• Providing Sufficient Identifying Information Upon Designation: Instructions to provide "as many specific identifiers as possible" when a new person is subject to sanctions to facilitate identification and screening and avoid unnecessary freezing of assets caused by homonyms or near-identical names. These identifiers are to include aliases, sex, date and place of birth, nationality, address, and identification or passport number for individuals and names, principal place of business, place of registration, and date and registration number for entities.
  • Harmonizing Data Standards: In a possible indication of closer future international alignment, the document also calls for the formats of listing of persons and entities to be harmonized. The United Nations developed a new data standard to harmonize formatting of international sanctions lists which the U.S. Department of the Treasury's Office of Foreign Assets Control (OFAC) adopted in April 2015.
  • Delay in Implementing Annulments: A statement that the annulment of an act imposing sanctions against an individual or entity does not take effect immediately after the judgment made at first instance by the EU General Court, unless explicitly stated in the judgment itself, consistent with the EU courts' recent practice. Instead, the annulled act will remain in effect for two months and ten days, to allow time to bring an appeal to the European Court of Justice.
  • UN Sanctions De-listing: The addition of a section on the procedures to obtain de-listing from the United Nations sanctions list.
  • Non-Liability: Clarifications on the non-liability clauses included in most EU sanctions regulations, according to which liability does not rise (a) for damages caused for sanctioning the designated persons or entities; and (b) in case persons or entities breach sanctions without knowing or having any reasonable cause to suspect that their actions would constitute an infringement. The latter standard differs from OFAC's strict liability requirements under which penalties can be imposed even for actions taken in good faith and with no knowledge.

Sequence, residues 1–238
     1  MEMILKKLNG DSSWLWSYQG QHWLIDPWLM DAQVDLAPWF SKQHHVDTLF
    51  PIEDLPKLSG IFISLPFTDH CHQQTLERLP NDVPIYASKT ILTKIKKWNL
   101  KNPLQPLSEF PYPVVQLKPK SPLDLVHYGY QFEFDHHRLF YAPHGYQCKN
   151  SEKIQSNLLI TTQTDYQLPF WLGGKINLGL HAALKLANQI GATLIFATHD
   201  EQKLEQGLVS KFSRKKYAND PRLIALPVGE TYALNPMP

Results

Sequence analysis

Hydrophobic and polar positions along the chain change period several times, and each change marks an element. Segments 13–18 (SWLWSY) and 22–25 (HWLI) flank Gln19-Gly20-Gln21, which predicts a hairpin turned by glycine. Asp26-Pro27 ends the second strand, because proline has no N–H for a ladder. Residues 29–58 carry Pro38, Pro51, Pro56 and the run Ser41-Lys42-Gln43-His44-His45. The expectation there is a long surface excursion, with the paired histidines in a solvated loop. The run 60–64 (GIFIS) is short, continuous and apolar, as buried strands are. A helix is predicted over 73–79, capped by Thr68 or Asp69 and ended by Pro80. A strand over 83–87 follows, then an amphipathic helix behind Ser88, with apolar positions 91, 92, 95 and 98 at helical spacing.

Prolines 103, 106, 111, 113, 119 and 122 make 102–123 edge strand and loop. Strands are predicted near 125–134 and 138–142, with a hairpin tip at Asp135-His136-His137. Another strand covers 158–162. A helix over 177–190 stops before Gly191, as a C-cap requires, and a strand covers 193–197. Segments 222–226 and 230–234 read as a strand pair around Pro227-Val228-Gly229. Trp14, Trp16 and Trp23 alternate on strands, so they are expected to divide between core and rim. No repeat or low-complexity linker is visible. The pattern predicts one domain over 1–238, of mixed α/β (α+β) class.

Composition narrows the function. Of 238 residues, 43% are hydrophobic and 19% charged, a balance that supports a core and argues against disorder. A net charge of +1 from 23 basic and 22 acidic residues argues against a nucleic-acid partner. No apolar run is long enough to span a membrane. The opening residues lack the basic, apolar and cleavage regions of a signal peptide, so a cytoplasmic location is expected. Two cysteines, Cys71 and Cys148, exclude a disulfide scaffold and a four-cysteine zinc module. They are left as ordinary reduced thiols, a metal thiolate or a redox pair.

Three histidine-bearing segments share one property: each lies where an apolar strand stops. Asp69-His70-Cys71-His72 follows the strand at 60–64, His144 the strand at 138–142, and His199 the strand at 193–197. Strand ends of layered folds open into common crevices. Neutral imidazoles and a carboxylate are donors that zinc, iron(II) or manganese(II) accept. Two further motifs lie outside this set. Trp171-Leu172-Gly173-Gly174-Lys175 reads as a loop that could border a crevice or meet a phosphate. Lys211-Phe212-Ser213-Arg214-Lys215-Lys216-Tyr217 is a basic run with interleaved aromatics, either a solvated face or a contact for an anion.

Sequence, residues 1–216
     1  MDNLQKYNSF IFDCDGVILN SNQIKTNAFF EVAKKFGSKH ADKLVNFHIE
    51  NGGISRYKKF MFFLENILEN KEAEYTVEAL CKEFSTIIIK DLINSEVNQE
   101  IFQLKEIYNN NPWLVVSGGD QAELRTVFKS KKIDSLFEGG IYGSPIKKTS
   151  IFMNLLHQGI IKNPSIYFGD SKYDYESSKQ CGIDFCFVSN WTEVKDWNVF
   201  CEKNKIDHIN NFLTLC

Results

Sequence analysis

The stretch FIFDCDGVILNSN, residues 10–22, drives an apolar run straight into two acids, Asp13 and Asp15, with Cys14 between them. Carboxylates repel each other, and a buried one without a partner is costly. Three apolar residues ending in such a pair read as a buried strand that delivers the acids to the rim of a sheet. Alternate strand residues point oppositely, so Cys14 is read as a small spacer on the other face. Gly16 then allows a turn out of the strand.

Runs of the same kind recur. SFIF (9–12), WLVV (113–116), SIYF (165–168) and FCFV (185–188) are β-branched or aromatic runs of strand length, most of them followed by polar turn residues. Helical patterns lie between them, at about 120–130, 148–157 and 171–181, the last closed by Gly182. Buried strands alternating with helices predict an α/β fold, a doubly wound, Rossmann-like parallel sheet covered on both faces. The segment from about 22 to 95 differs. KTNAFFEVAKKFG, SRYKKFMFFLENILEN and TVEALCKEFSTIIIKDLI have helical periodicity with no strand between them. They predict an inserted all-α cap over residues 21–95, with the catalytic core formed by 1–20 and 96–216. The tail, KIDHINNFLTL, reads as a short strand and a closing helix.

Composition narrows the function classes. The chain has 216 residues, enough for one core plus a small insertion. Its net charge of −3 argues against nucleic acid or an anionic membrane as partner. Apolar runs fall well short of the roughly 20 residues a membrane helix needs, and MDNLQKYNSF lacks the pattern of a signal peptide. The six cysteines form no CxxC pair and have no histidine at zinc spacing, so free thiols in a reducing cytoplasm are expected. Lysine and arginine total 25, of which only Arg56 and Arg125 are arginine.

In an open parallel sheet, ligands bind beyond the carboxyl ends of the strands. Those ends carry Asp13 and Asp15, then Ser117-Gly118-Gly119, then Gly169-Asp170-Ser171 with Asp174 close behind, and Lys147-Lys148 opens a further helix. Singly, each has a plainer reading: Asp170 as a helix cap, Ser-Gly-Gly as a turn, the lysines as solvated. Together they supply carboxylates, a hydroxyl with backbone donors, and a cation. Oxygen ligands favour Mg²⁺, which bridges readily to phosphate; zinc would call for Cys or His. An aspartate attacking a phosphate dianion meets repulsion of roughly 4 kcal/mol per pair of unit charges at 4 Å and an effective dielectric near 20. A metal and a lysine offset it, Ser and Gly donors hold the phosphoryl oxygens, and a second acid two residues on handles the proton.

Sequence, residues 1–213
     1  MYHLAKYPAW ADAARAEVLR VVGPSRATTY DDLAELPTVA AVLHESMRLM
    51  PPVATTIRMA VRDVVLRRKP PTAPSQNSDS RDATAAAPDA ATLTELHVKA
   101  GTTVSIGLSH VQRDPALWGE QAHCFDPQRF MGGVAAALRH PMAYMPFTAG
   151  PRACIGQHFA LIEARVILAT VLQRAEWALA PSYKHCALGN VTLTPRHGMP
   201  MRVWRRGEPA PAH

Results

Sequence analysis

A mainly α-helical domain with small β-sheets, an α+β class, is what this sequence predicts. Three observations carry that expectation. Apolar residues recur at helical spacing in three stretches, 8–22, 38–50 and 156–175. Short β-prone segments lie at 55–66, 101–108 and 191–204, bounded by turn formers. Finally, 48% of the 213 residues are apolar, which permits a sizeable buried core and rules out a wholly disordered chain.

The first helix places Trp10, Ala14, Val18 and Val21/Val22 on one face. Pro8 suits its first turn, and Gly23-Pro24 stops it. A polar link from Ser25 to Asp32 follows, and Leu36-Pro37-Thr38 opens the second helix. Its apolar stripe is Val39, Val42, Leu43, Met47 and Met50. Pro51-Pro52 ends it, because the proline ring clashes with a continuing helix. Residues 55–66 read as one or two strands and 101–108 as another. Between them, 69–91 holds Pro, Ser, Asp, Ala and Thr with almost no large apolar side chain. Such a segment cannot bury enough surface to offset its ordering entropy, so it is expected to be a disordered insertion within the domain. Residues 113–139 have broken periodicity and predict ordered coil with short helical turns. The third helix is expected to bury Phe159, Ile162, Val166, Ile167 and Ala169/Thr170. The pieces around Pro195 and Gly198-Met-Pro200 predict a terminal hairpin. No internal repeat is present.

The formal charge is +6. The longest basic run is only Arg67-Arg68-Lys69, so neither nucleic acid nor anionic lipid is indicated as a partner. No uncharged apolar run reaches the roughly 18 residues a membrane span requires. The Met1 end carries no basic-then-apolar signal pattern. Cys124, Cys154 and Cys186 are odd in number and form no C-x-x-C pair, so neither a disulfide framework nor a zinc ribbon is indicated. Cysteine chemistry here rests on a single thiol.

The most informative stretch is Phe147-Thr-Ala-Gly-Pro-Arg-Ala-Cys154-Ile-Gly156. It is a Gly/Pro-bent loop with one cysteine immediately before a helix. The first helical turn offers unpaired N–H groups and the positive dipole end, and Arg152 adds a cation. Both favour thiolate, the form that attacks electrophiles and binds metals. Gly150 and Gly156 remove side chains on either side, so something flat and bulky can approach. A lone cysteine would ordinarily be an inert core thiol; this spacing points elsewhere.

• Owned or Controlled Standards: Clarifications on the notion of "ownership" and "control" in EU sanctions regulations, in order to reflect the information provided in the Guidelines on implementation and evaluation of restrictive measure published by the Council in 2013.
  • Exceptions: Clarifications on the scope of the exceptions to the prohibition of transfer of funds in EU sanctions regulations.

Crowell will continue to closely monitor legal developments and alert clients to any changes in EU sanctions law.     

For more information, contact: Salomé Cisnal De Ugarte, Cari Stinebower, Dj Wolff, Lorenzo Di Masti